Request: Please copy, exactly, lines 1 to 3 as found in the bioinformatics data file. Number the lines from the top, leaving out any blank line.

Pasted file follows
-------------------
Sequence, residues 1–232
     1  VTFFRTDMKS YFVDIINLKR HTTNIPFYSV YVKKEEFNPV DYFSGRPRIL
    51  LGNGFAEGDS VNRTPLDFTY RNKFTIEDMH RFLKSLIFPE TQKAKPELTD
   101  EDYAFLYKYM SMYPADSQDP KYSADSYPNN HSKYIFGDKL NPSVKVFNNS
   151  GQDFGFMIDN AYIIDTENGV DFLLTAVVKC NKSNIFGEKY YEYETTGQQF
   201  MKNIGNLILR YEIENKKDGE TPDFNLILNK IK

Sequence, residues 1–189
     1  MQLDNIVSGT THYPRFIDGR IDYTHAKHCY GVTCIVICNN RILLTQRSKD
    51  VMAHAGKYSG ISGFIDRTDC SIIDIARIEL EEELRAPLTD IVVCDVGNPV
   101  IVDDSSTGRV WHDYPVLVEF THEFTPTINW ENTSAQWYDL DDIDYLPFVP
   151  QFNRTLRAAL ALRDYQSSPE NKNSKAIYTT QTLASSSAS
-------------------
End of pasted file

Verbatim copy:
Sequence, residues 1–232
     1  VTFFRTDMKS YFVDIINLKR HTTNIPFYSV YVKKEEFNPV DYFSGRPRIL
    51  LGNGFAEGDS VNRTPLDFTY RNKFTIEDMH RFLKSLIFPE TQKAKPELTD